Doctors say country singer’s migraine turned stroke serves as reminder of warning signs

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KANSAS CITY, Kan. -- Kansas native and current country singer Chely Wright revealed that she suffered a stroke after her 48th birthday.

In a Twitter post urging women to know the signs of the disease, the singer said she had a migraine for three days last year shortly after she turned 48.

After dropping her sons off to school, she went to the emergency room at Manhattan’s Lenox Hill Hospital, where doctors performed tests and confirmed what she’d suspected — a stroke.

“I sort of knew it. What I had been experiencing with that headache and leading up to that headache was different. I’d even said aloud to myself in the bathroom mirror, ‘Did you have a stroke?'"

That was a year ago Friday — and she’s OK now, the 49-year-old said.

Erin McCoy of Kansas City, Kansas, also suffered a stroke in her 40s.

"My dog was there licking my face trying to wake me up, and I was laying on the floor. I do not remember the day of the stroke. I do not remember the 10 days after," McCoy said of her April 2017 stroke.

Stroke is the second leading cause of death worldwide. Doctors urge people to remember the acronym FAST in strokes: F for facial droop, A for arm weakness or tingling, S for speech difficulty and T for time to call 911.

"We see the unfortunate scenarios of people putting off the symptoms for days and finally present to the emergency department, and at that point it`s usually too late for us to do anything about it," said Dr. Laith Maali, a University of Kansas Health System neurologist.

If seen in the first four hours, doctors can use clot busting medication to reduce or reverse the effects of the stroke.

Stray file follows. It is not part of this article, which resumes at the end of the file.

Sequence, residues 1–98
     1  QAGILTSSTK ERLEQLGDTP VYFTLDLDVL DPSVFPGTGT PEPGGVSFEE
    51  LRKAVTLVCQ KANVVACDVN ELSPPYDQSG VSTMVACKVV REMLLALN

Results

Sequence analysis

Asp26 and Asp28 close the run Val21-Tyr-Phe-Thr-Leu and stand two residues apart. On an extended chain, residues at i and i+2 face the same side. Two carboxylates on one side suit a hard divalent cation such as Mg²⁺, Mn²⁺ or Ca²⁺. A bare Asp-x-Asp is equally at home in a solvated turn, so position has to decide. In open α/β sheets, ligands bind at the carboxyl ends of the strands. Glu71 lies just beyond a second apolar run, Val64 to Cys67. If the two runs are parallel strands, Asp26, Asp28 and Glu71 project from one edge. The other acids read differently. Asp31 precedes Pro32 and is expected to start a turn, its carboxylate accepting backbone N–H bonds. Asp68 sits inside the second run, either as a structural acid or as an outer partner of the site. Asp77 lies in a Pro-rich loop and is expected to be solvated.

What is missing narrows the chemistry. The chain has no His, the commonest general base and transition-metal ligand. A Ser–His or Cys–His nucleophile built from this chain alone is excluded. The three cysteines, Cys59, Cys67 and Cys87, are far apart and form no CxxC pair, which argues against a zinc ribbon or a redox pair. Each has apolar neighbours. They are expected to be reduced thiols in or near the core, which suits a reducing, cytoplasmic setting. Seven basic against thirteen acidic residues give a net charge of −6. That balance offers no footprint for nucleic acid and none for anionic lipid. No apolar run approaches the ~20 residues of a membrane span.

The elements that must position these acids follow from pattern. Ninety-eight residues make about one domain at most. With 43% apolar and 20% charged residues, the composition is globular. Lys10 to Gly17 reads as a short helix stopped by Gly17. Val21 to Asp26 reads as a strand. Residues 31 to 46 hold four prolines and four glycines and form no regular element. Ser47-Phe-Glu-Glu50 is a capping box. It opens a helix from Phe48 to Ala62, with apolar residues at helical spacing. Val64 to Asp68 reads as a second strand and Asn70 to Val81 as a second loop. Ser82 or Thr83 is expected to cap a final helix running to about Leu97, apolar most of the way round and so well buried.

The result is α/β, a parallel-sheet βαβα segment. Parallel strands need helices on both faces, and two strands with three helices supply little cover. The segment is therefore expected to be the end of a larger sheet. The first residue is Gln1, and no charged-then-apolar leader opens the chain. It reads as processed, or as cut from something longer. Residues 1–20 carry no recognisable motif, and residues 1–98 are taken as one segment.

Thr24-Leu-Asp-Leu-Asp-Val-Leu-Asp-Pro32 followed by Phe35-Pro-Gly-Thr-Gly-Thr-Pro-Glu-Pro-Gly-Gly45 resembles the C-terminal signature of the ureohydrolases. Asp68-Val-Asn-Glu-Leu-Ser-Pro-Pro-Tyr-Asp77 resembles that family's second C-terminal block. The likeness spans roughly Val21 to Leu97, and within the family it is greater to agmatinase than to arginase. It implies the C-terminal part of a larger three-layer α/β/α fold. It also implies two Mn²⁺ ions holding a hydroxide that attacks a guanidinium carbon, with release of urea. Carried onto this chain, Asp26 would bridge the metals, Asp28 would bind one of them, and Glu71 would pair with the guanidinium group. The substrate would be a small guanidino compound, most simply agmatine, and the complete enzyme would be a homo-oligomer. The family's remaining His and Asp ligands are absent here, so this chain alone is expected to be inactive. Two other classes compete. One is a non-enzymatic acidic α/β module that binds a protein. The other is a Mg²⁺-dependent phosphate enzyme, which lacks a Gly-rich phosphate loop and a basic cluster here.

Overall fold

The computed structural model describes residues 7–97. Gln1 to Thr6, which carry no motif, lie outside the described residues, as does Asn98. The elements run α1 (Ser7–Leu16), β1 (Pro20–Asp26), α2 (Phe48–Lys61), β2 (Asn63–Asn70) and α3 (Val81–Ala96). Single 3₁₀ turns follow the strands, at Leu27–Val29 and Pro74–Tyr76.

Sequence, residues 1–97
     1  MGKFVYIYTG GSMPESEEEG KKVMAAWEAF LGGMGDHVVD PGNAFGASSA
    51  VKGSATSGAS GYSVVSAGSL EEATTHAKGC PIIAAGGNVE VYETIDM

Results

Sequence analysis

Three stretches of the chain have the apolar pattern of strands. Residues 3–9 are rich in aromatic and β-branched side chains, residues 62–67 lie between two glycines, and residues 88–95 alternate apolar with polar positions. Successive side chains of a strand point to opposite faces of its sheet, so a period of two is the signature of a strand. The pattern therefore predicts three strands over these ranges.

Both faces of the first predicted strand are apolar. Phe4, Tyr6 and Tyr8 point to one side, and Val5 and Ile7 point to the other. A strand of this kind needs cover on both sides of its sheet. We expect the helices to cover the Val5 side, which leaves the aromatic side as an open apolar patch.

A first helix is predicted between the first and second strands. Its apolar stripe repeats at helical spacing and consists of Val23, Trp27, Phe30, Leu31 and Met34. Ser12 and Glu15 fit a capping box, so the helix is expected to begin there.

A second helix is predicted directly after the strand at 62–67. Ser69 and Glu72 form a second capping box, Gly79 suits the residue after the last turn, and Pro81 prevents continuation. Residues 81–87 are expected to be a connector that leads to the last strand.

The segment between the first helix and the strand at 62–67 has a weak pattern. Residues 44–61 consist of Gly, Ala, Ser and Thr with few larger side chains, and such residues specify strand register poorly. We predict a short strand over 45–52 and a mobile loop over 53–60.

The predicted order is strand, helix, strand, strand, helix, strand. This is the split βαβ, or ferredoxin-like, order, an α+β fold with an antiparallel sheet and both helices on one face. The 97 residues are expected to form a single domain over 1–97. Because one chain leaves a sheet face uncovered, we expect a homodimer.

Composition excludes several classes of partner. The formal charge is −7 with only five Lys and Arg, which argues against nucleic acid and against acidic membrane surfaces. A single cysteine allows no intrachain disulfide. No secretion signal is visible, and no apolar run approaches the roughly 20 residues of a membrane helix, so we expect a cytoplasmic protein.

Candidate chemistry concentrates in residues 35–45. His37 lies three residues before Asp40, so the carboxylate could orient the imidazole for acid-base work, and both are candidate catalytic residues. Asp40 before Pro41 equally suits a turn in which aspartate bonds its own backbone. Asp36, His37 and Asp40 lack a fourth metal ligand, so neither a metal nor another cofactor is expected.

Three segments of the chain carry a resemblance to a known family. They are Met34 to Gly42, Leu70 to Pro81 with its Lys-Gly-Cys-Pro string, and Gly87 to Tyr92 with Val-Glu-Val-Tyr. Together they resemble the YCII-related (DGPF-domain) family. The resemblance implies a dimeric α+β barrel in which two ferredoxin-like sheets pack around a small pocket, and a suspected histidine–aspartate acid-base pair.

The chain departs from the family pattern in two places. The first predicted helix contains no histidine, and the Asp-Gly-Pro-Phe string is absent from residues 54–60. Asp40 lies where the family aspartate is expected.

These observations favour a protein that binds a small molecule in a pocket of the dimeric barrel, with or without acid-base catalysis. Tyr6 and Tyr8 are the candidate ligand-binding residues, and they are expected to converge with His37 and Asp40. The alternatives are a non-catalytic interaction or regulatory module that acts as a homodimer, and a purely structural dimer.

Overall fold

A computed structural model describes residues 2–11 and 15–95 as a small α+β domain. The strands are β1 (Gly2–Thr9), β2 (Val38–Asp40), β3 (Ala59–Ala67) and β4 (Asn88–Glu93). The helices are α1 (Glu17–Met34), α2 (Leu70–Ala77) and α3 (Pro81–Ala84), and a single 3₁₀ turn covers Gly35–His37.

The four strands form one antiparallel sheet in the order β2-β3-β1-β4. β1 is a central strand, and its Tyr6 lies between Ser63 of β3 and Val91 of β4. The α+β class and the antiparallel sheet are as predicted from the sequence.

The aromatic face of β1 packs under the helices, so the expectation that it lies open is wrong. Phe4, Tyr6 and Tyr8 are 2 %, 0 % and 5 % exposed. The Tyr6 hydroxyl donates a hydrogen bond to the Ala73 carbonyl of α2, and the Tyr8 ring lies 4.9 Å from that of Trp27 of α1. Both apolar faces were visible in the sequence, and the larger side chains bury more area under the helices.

Two years removed from her stroke, McCoy calls the country star brave for coming forward with her stroke story.

"It helps to know you are not alone," McCoy said.

McCoy's stroke blinded her for some time. The former rock climber and geologist who traveled the world with her husband collecting rocks now has simpler goals in mind as she relearns motor function.

"It took me two years to be able to do it but I can use the step stool in the kitchen," McCoy said.

Though the stroke was life altering, she's just glad it wasn't life ending.

"I did all this before I was 40 and I want to do more. I don`t know if I`ll get there but I`m trying my best," she said.

Smoking, diabetes, high blood pressure, high blood cholesterol, obesity and other cardiovascular diseases put people at greater risk for stroke. Avoiding diets with high calories, lots of saturated fat, trans fat and sodium can reduce the risk, experts say.

For women there are some other higher risk times, during and immediately after pregnancy, when on birth control and if you are undergoing any hormone replacement therapy.

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